Heart Foundation grant supports rural chest-pain trial

A Heart Foundation grant part-funded the pilot study of a new chest-pain assessment process in rural Waikato, which recently received a Cardiac Society of Australia and New Zealand (CSANZ) award.

Developed by Pinnacle Midlands Health Network (Pinnacle MHN), the rural chest-pain assessment method, referred to as a pathway, sees low-risk patients in rural communities safely assessed and managed by their general practice, rather than travelling long distances to hospital – often needlessly.

Tim NormanAt the presentation of the pilot findings at a recent CSANZ meeting, lead researcher and Pinnacle project manager, Tim Norman was awarded the Affiliate’s Prize.

“This award recognises that the pathway could provide a change to the chest-pain model of care,” says Tim.

“This is an example of integration with hospitals, where we equip and fund general practice to complete the care of patient closer to home, referring to hospital when appropriate. The many benefits for the patient being treated closer to home are obvious.”

Preliminary results demonstrate the success of the programme in managing low-risk chest pain in general practice. The project ran for 18 months and collected data from 205 patients.

More than 58 per cent of patients in the trial group, who would otherwise have been referred to an emergency department, were treated in a general practice. One hundred per cent of the low-risk patients did not re-present to an emergency department or have a major acute coronary event, such as a heart attack, within 30 days.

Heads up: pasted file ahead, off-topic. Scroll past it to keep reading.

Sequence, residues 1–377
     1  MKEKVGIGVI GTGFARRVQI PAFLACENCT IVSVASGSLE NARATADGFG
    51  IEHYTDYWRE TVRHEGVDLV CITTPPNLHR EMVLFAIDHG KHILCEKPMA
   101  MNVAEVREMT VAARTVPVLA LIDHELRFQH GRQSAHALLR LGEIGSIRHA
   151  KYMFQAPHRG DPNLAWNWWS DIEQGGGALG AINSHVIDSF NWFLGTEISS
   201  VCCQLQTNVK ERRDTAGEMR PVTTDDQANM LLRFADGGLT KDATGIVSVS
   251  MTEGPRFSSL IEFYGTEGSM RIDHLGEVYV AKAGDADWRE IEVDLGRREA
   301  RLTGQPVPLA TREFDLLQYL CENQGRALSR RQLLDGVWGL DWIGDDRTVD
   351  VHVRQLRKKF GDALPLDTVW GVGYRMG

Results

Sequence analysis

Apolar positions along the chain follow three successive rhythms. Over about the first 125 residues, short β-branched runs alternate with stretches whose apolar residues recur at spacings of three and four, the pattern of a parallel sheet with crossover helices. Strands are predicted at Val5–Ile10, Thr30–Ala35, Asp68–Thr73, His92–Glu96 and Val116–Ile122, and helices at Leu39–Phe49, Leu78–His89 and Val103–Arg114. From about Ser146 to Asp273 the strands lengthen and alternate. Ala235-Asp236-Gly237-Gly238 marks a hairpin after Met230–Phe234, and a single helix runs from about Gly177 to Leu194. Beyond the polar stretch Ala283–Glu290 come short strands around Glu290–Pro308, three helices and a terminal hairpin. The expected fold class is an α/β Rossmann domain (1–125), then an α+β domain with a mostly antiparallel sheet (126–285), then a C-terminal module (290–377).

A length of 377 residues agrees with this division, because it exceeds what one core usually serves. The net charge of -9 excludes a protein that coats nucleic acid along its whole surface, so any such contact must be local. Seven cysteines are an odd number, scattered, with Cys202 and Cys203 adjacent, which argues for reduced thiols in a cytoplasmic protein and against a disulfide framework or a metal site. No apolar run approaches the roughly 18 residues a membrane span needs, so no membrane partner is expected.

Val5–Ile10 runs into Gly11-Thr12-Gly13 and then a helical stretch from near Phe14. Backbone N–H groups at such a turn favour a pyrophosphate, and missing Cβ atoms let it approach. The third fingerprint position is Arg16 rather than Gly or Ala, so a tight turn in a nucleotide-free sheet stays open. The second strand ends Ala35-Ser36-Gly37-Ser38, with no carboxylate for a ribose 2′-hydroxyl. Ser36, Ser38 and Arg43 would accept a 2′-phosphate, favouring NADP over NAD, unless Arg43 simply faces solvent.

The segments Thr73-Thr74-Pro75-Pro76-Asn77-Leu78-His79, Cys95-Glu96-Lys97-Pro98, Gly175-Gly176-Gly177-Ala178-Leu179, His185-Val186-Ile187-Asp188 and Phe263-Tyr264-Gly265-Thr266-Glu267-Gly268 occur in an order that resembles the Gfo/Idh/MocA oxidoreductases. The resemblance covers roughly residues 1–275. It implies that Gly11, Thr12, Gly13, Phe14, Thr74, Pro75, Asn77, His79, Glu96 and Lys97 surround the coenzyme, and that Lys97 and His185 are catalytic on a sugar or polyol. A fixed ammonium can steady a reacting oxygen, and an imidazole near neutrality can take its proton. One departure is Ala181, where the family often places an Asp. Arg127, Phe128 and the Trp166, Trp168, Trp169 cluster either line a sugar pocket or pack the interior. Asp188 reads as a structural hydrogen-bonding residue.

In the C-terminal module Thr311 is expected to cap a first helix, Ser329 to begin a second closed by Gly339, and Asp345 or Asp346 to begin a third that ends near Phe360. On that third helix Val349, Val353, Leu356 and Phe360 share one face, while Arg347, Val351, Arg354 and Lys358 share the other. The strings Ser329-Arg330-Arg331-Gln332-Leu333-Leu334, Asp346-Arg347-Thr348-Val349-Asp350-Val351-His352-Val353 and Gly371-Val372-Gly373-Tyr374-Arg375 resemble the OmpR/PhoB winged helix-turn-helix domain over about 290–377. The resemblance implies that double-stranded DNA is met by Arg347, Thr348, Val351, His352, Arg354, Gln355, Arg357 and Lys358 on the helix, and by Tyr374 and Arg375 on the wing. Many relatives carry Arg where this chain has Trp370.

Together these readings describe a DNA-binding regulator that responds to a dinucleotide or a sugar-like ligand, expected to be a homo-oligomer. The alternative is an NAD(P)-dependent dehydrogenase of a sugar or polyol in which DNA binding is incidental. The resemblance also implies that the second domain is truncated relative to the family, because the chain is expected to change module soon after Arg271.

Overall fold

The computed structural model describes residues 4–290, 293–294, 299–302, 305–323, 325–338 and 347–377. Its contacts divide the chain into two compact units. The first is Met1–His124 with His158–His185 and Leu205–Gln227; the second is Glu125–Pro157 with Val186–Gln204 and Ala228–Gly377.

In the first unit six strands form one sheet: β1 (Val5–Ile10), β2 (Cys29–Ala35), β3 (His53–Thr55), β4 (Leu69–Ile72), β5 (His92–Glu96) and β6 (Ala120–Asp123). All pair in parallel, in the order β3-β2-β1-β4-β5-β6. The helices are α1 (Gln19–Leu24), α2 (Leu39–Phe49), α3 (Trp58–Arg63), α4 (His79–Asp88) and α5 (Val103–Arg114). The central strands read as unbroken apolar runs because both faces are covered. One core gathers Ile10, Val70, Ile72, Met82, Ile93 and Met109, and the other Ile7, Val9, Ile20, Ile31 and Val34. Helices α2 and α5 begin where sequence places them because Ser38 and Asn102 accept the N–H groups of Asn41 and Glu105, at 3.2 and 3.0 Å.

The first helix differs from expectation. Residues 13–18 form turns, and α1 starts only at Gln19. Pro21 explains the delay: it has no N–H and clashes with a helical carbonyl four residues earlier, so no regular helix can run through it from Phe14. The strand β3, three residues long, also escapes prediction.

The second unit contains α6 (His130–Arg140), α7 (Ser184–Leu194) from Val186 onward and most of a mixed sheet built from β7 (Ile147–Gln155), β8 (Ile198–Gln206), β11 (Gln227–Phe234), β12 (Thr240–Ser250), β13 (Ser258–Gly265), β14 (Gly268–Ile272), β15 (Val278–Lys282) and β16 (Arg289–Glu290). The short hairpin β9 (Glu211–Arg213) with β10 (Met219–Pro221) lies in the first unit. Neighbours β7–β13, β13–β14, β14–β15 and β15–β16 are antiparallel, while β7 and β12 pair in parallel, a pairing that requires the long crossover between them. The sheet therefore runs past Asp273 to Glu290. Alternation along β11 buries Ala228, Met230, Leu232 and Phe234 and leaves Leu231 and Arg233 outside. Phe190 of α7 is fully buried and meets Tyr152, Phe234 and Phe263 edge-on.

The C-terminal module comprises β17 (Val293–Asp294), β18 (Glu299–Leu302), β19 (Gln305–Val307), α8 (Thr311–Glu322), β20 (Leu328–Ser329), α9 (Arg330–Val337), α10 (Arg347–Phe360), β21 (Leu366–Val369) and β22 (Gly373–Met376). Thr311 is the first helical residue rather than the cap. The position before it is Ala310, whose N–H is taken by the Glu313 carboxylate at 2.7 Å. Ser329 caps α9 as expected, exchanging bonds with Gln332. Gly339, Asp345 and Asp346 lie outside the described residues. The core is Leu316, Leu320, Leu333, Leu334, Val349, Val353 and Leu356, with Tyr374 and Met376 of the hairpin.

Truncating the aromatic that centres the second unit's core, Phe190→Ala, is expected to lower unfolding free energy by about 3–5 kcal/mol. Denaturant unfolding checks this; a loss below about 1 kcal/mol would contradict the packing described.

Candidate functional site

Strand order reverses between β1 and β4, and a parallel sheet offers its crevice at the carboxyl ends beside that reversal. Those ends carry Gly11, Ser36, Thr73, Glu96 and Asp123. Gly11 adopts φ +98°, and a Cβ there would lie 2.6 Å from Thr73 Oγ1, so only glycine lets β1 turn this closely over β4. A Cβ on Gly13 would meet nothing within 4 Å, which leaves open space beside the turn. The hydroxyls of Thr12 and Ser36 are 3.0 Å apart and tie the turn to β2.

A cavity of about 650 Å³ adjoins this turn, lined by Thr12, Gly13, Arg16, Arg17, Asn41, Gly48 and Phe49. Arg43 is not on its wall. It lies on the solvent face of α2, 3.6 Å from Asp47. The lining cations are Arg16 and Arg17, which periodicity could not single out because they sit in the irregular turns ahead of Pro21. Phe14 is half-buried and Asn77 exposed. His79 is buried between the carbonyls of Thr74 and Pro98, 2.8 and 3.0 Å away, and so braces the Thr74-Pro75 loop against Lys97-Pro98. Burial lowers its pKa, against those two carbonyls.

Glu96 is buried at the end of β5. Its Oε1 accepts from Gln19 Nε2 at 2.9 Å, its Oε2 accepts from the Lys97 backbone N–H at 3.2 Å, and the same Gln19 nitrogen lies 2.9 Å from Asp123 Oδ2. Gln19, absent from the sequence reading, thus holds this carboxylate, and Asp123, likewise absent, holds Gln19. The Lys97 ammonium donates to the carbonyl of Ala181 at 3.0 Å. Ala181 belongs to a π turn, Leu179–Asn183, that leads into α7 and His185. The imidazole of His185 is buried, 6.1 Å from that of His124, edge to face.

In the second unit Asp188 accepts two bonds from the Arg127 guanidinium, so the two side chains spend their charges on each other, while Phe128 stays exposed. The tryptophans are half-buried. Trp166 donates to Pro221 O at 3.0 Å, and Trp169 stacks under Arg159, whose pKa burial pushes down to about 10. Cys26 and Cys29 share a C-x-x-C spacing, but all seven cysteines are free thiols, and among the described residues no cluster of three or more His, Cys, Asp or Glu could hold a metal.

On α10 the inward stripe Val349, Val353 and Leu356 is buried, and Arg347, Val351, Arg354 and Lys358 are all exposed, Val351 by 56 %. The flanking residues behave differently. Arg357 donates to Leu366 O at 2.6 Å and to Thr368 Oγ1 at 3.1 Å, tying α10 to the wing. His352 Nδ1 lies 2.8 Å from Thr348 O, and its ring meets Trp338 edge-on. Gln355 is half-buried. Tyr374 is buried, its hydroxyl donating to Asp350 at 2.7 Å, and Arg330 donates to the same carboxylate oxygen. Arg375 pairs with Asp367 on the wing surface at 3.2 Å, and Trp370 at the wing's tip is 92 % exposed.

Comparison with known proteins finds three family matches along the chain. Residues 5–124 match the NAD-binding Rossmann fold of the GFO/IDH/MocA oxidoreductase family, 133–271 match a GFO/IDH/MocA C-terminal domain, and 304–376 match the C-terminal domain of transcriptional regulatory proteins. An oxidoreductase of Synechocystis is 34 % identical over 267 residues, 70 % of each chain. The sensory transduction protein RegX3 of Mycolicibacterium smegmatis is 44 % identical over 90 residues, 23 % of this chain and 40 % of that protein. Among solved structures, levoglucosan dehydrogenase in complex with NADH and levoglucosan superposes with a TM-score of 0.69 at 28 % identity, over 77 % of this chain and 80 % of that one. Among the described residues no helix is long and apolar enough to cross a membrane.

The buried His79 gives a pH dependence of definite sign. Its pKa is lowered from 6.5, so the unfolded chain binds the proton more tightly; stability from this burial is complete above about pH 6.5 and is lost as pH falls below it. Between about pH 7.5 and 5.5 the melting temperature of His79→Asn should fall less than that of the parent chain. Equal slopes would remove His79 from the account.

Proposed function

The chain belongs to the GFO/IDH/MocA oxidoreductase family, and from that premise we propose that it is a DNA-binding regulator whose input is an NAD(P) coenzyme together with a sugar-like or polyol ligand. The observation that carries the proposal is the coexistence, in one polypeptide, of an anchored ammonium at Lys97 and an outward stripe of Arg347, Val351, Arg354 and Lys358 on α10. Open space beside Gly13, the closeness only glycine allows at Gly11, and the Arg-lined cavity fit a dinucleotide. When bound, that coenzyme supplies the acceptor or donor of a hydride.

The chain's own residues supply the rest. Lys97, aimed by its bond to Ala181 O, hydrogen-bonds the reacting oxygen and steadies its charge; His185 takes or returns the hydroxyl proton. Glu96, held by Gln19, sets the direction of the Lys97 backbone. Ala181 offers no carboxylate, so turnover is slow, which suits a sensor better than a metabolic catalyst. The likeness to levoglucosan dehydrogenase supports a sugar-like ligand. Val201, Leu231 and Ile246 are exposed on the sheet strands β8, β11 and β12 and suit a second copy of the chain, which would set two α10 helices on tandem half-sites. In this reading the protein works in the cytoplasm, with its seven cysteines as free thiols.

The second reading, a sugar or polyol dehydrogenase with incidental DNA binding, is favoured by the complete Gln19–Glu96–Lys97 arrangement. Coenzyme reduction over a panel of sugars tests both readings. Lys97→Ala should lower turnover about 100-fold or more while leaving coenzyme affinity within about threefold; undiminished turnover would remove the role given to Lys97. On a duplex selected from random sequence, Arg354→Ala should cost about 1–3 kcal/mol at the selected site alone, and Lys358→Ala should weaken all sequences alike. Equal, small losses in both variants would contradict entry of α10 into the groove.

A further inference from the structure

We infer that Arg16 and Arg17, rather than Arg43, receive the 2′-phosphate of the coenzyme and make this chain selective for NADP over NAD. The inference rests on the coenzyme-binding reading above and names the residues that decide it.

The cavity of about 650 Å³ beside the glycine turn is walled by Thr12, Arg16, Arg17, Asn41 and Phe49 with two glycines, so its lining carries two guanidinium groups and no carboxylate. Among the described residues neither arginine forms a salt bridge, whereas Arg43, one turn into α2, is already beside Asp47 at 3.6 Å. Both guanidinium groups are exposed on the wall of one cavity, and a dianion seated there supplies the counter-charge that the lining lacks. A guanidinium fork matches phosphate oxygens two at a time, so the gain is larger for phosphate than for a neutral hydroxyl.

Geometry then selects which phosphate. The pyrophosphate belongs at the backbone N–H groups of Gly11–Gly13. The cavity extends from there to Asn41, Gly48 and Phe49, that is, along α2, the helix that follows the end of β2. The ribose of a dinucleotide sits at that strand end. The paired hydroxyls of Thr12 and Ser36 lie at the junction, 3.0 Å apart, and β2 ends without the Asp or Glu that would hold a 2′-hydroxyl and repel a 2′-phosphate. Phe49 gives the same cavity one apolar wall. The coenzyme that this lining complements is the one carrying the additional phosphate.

Programme aims

The aim of the programme was to equip general practice with a risk stratification tool, a time-saving diagnostic blood test referred to as ‘point of care troponin’ (POCT), and funded clinical time to identify and manage low-risk patients in general practice.

“We believe this is a first of its kind in general practice – nationally and internationally,” says Tim.

“Our hospital partners have been using the chest pain risk stratification tool (Emergency Department Assessment of Chest Pain Score, known as EDACS) for a number years, based on the work completed by Dr Martin Than, a Christchurch ED physician considered a lead expert in this area.”

Dr Than’s work was also supported by a Heart Foundation project grant in 2011.

The pathway was run as a proof of concept and kicked off in October 2016. It included the introduction of the chest pain assessment tool and point of care machine into 12 participating rural GP practices across the Waikato region.

The proof of concept officially ended 30 April, 2018 and was also part-funded by the Waikato Medical Research Foundation.

Where to now?

“Although the proof of concept has been achieved and has formally ended, the local DHB has agreed to continue sponsoring the existing practices until a business model can be addressed,” says Tim.

“We are working towards national endorsement, national policy and national registry by expanding the primary care programme in the midland region, including rural and urban practices and into all rural hospital settings.”

Practices in Tairāwhiti are the next to come on board, with a training evening attended by 30 people representing Gisborne practices.

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